EAST OF WEST #2
Written by Jonathan Hickman
Art by Nick Dragotta
Release Date: April 24, 2013
There are a lot of dystopian, post-apocalyptic stories out right now. The end of the world is a popular, interesting topic. East of West differentiates itself as a PRE-Apocalypse story. There is a plan for the End, if the Horsemen can ever get out of the stable. Issue #2 pushes us further into the dark of the time right before the end, while also bringing parts of this deep and detailed world to light.
The basics: Death killed the President of (what’s left of) the United States. It was intended as a message for both his siblings, the other 3 Horsemen, and the cabal of leaders (7 total) who, guided by a prophecy called “The Message,” actively seek to bring about the end of everything. These people took something from Death a while ago, and he’s out for revenge. One of the leaders seems to disagree with the others, and possibly betrays them.
I’m new to Jonathan Hickman’s writing style, and it’s taking me time to adjust to it. This issue is more straightforward than last, with no jumps backwards or forwards in time. However, we still don’t have all the pieces of the story yet. I’m really enjoying getting to know the world and the characters via immersion, rather than just having everything narrated directly to me. If this style doesn’t work for you, I can already tell this book is going to be phenomenal in trade. You may have an easier go of it reading 5-6 issues at a time. I definitely had to give Issue 1 another reread before I read this one.
Hickman’s Death is a slicker, more powerful version of The Saint of Killers, from Garth Ennis’s Preacher. I love Westerns to the “hard man of few words” protagonist is an instant, bone-deep hook for me. Only 2 issues in and there’s plenty of characterization for him as well as the supporting cast. The new President positively screams Bellatrix LeStrange, with a dash of Cruella de Vil. The Chief of Staff of the Black Towers (essentially president of the South) reminds me a bit of Crowley from Neil Gaiman and Terry Pratchett’s Good Omens; he’s gotten to like life on Earth and isn’t keen to see it end, even though it’s supposed to be his duty to make sure it does.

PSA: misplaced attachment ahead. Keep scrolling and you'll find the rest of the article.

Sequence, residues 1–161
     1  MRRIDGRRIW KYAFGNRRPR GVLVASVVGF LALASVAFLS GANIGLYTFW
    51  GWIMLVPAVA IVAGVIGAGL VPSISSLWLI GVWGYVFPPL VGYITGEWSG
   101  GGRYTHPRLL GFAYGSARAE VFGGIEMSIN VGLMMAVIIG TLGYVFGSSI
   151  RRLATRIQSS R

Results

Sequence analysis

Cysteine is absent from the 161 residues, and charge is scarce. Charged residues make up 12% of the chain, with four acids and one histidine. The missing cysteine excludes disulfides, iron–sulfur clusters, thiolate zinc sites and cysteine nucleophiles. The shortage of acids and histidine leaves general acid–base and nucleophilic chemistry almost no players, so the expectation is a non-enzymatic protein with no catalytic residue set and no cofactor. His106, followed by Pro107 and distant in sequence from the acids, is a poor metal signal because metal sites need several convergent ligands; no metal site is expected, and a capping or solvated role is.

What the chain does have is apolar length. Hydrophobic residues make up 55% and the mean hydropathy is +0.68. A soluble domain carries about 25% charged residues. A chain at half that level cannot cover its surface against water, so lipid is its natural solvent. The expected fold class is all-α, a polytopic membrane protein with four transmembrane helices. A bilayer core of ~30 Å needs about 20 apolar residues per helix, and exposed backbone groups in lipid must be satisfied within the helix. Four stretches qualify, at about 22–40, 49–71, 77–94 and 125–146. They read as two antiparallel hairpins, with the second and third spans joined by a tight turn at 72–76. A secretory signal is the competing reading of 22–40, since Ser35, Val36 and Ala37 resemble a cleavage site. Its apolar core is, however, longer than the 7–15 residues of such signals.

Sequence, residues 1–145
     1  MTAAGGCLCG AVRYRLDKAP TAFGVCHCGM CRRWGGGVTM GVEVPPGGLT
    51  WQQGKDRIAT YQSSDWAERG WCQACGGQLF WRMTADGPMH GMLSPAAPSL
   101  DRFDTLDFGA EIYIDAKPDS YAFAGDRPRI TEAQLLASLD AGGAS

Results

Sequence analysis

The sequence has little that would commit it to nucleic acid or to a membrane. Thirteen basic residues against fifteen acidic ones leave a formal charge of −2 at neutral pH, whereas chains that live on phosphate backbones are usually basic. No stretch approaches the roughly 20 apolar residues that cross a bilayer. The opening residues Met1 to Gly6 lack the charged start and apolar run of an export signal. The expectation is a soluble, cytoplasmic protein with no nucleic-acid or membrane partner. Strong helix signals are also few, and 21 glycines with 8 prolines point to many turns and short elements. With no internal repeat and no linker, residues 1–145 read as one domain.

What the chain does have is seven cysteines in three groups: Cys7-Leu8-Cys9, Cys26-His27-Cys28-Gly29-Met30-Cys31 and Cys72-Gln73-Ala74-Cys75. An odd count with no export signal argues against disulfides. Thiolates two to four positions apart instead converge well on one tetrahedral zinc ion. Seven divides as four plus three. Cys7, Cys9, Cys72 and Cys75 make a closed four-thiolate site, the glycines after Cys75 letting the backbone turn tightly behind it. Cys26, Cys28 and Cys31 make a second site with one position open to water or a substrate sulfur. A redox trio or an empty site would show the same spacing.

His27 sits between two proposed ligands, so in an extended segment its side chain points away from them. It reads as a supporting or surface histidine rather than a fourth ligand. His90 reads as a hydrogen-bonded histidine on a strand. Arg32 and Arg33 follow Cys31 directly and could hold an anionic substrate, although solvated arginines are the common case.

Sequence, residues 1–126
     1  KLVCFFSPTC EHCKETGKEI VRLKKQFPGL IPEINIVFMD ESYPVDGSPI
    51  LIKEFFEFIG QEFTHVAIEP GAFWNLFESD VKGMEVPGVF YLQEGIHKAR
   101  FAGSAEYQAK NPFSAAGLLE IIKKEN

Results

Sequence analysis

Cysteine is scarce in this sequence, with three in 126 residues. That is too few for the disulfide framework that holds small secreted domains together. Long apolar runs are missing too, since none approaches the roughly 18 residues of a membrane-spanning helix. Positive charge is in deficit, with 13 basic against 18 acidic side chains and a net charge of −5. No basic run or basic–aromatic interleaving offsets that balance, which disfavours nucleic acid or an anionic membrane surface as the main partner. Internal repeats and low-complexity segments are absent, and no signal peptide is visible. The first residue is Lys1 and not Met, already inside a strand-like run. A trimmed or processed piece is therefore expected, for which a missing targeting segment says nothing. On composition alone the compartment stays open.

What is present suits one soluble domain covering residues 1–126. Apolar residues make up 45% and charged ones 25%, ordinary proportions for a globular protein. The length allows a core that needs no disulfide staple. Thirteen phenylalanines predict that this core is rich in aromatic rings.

The art is, front to back, fantastic. Nick Dragotta’s faces are expressive and clean. You can feel the malice in the Pale Rider’s eyes. The stark western landscapes of Armistice and the Dead Lands are dramatically beautiful, and pairs perfectly with the incredibly detailed mega-cities that also occupy this broken America.
What sticks out about this story in particular is that even the protagonist isn’t primarily concerned with stopping the end of the world. He’s more concerned with revenge. The Message has taken root so deeply in the leadership and government structures of this world that there seems to be no stopping the end. And how ironic is it for the world’s only hope for continued existence to rest with Death himself? As he tells his companions, “I am constant, or I am nothing.” Whether it’s death for Some or for All, there will be a period at the end of the sentence. I cannot wait until next month when I get to turn the page.